Songs the general public hear on new albums aren’t always conceived between an artist’s last album cycle and their current one. All the same, it’s not often that a song sits so long waiting for its time to shine that the release date for the tune falls in a new century!
“I am really happy to be finally releasing [“All Night Diner”],” says songwriter, Jon Patrick Walker.
“It was recorded in 2014 [as] the first song we did on the first day for [2016’s] “People Going Somewhere” record. And I wrote the damn song in the early 90s!”
Premiering today on American Songwriter, Jon Patrick Walker’s “All Night Diner” is the lead single from his upcoming June 12th album, The Rented Tuxedo and Other Songs. Still, despite the track’s extremely delayed reveal, Walker’s decision to at last include it on a record looks like an outcome that was always meant-to-be, rather than a revival of stale songwriting.
“I am so deeply proud and excited about [“All-Night Diner” and “Rented Tuxedo”], which somehow feels like a culmination or fruition, a ripening, if you will, of my journey as a recording artist,” Walker says.
It’s interesting to hear “All-Night Diner” as the first taste of what’s to come on The Rented Tuxedo and Other Songs, considering the tune is the album’s finale and is also a demanding 5:19 in length. “Diner” is comprised of pretty familiar instrumentation in its guitar, bass, drums, piano and organ arrangement. Even so, the music doesn’t unfold with a cliché form of song structure. Though the guitar provides a recurring melodic garnish of sorts – made quirky and memorable with a hefty amount of delay – and though some of Walker’s lyrics do repeat between verses of the song, “Diner” feels very freeform in its flow.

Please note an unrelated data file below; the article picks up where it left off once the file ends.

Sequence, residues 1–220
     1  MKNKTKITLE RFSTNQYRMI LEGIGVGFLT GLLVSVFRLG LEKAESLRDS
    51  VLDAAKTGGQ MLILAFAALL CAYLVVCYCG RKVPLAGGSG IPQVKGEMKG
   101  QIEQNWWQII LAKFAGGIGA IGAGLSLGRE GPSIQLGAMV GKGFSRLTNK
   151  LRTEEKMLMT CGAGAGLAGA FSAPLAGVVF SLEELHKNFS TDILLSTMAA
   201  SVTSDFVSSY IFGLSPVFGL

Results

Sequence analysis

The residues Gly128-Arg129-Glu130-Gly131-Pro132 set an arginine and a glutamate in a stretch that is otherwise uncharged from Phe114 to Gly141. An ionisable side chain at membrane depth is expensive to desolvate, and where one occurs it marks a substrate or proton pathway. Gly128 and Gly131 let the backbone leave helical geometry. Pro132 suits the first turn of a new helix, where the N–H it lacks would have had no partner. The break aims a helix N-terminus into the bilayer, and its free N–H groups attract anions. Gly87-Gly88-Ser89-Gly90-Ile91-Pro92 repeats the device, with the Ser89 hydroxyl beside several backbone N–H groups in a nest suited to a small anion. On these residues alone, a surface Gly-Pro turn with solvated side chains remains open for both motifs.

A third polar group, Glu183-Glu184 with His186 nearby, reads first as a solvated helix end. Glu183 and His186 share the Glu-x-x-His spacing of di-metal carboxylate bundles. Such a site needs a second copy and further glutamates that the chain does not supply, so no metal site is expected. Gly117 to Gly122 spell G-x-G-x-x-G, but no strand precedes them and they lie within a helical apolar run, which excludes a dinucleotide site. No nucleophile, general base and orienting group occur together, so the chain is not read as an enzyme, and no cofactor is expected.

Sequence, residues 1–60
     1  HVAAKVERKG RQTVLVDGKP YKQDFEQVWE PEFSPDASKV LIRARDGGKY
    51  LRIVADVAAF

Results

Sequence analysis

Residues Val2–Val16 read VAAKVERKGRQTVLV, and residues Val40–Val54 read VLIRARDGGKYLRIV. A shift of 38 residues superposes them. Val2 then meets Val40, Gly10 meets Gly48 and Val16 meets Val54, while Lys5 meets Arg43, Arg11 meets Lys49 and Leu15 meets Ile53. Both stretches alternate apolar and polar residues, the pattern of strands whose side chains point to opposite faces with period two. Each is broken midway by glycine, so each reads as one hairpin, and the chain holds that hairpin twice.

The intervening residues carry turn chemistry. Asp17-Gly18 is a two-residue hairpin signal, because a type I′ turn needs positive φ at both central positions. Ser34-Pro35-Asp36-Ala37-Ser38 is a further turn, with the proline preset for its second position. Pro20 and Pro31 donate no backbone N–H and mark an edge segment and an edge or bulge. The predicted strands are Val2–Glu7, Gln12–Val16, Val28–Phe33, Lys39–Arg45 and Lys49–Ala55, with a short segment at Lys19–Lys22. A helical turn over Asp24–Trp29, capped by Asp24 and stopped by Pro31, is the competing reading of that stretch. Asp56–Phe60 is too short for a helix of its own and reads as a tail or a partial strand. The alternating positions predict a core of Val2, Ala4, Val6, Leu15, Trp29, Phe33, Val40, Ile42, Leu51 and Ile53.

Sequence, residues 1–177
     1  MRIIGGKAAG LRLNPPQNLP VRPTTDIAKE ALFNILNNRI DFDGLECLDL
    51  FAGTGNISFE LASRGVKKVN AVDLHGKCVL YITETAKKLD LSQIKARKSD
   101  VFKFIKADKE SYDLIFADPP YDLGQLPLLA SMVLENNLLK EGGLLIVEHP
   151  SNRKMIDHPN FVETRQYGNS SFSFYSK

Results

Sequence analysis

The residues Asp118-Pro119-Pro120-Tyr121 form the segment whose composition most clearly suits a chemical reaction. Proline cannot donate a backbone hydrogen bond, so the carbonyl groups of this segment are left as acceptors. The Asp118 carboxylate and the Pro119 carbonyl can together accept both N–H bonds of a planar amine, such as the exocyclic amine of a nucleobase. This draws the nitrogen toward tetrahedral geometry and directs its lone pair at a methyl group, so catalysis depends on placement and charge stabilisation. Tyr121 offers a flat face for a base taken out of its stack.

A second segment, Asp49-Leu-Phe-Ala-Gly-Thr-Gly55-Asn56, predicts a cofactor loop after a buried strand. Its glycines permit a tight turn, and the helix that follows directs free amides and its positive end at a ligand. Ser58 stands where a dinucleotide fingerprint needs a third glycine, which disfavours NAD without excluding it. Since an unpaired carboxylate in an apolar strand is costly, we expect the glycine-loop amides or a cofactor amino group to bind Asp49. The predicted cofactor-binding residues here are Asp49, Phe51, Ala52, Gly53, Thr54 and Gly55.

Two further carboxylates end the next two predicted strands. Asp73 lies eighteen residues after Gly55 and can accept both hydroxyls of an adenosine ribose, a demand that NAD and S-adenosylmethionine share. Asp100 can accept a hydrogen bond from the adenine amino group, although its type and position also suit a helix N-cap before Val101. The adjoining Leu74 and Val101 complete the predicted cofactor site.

Take my advice,
Don’t be afraid
I tried to be nice,
you shouldn’t have strayed
“The production by Josh Kaufman, his playing [of] bass, guitars, organ; also the genius-level drumming of Ray Rizzo, made this a magical session,” says Walker. “I play piano, [which was] recorded live with the drums and bass, and am singing live as I play.”
Beyond the musical benefits of the chemistry the three gentlemen found in the studio, Walker’s singing voice, combined with his intermittent switch to a more spoken poetry style delivery, ushers in thoughts of the timeless, multi-faceted, and down-to-earth approach often taken by none other than Bob Dylan. Further similar to Dylan, the song’s melody seems to drift loosely – containing breaks for both an instrumental bridge and a lengthy instrumental outtro that occupies more than a minute of the track’s conclusion.
“All-Night Diner” is music meant to serve as an artistic statement, as well as a sign of Walker delighting in his present day life, more than a piece of work just rushing to be finished and acknowledged after waiting more than 20 years to be heard.
“As soon as I’d recorded the title track to [The Rented Tuxedo,] I knew that “Diner” would be a perfect bookend.” Walker says. “And indeed, it is the closer, the only position a song with such an epic fade-out could have, I might add.”